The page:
NEWS AND EVENTS
As the pandemic enters a new, more manageable phase, many in health care are asking, “What’s next?” The answer, for a growing number, is the operating room (OR).
With much of the nation now vaccinated, the public is increasingly seeking long-delayed surgical treatments – for everything from cancer to hip replacements to cosmetics.
“Perioperative nursing is in very high demand right now,” says Dr. Rebekah Child, chair of CSUN’s Department of Nursing. “And the trend is set to continue, with many OR nurses soon retiring and surgeries, both elective and routine, ramping up again.”
In case you’re unfamiliar, perioperative nursing – or OR nursing, for short – is a specialty focused on operative and invasive procedures. Alongside surgeons, these nurses work with patients through all phases of surgery: pre-operative, operative and post-operative.
But experienced OR nurses are in short supply – and, to complicate matters, dwindling in number. In California alone, as many as 20% of all OR nurses are set to retire in the next five years.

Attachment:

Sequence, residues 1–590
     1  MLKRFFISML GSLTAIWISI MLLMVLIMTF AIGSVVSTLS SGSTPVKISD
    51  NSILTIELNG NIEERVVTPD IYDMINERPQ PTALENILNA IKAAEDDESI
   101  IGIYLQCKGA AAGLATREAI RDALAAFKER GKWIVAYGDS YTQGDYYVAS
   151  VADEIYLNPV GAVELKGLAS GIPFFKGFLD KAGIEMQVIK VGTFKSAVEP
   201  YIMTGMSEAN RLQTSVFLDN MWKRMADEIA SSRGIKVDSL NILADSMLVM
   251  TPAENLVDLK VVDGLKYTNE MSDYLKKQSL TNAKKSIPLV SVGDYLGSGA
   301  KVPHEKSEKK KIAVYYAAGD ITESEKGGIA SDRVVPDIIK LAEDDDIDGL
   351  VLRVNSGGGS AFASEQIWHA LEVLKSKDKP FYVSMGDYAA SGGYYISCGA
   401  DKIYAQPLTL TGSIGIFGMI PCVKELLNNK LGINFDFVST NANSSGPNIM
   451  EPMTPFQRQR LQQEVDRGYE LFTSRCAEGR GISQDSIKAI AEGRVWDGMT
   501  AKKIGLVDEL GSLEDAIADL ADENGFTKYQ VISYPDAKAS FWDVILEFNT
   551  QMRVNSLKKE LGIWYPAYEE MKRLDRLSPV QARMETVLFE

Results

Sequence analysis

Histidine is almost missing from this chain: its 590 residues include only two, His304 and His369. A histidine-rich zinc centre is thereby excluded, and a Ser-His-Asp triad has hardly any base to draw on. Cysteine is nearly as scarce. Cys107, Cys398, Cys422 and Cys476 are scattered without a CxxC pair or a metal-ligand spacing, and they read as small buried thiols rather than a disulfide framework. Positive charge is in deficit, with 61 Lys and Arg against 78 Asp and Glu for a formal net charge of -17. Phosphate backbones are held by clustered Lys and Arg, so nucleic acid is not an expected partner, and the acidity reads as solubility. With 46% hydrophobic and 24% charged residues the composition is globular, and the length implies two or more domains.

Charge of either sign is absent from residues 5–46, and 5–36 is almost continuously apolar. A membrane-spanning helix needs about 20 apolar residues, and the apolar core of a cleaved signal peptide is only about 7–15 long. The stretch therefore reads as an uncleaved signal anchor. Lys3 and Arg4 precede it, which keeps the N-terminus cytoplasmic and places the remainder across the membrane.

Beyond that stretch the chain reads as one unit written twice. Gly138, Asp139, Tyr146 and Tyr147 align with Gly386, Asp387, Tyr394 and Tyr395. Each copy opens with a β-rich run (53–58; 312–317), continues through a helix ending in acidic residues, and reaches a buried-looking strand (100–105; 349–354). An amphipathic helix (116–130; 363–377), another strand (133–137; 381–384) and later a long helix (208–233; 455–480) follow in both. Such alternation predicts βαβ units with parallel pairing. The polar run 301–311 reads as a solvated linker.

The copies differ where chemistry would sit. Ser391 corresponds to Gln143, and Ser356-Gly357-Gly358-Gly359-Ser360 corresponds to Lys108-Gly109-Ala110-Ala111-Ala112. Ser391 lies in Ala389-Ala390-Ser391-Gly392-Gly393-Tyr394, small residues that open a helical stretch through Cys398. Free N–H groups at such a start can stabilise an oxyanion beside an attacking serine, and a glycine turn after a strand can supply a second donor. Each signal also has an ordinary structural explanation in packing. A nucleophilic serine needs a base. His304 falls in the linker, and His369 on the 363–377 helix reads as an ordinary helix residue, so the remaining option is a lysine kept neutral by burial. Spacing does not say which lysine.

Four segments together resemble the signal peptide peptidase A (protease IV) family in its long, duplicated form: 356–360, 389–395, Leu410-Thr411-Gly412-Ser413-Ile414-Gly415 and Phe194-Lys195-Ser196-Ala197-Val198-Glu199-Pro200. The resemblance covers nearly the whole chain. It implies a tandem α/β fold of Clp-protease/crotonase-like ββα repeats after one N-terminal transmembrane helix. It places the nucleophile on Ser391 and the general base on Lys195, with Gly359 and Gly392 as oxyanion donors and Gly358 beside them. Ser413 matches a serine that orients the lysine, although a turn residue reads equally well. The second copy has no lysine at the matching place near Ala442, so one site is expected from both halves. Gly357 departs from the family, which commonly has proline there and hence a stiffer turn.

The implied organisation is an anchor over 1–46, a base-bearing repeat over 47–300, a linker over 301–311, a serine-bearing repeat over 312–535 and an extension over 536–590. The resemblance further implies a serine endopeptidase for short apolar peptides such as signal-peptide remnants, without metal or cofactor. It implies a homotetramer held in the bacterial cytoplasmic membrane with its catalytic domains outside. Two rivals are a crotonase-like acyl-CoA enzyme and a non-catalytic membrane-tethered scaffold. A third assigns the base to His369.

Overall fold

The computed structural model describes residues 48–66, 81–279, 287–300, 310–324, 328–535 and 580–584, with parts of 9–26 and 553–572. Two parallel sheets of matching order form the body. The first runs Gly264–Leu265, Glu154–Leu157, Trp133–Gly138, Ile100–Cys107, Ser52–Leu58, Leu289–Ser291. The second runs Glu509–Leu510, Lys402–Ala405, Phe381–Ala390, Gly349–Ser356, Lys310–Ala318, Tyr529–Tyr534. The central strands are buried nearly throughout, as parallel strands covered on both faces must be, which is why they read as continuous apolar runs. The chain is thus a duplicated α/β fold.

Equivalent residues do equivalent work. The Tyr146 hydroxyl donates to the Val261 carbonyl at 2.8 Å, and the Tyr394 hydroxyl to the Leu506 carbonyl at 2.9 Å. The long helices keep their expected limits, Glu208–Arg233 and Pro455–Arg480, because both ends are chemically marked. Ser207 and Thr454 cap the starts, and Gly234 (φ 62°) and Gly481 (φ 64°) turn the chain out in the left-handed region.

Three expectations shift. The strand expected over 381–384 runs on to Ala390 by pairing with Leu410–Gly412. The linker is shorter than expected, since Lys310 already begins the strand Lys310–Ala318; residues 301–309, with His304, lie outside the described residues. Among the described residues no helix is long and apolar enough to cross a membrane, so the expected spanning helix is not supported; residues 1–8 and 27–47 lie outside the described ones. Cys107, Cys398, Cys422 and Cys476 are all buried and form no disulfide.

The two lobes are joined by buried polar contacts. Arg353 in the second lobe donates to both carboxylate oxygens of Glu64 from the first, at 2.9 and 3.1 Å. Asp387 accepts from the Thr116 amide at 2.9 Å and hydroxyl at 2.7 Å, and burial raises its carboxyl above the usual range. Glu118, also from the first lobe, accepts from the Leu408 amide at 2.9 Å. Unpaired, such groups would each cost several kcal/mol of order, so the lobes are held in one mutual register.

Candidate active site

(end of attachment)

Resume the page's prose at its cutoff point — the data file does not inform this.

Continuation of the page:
In response, many universities are launching programs to replenish the nation’s hospitals. CSUN, for instance, is offering a new Certificate in Perioperative Nursing, which takes only eight weeks to finish – much of that time spent in the actual operating room.
For hospitals, such programs are a lifesaver. That’s because it can cost up to $120,000 to train a single perioperative nurse.
Unsurprisingly, many providers are opting for more cost-effective alternatives, including university certificates. Some even reimburse tuition or offer other employee incentives.
“Many hospitals provide sign-on bonuses and pay extra if you’re on-call, which is common in perioperative roles,” says Child. “Beyond the financial reasons, though, there’s a special sense of job satisfaction in knowing you advocated for your patients at their most vulnerable.”
So what’s the outlook for the field?
Of the 25 nursing specialties, perioperative is the sixth highest in demand and is expected to grow by 20%. It pays more as well: the average OR nurse’s salary is 25% higher than that of a registered nurse.
And with the rise of new surgical treatments, plus an ebbing pandemic, our “new normal” is sure to need a steady hand – and high-quality care – for a long time to come.
Considering perioperative nursing?
Learn more at go.csun.edu/aboutPON.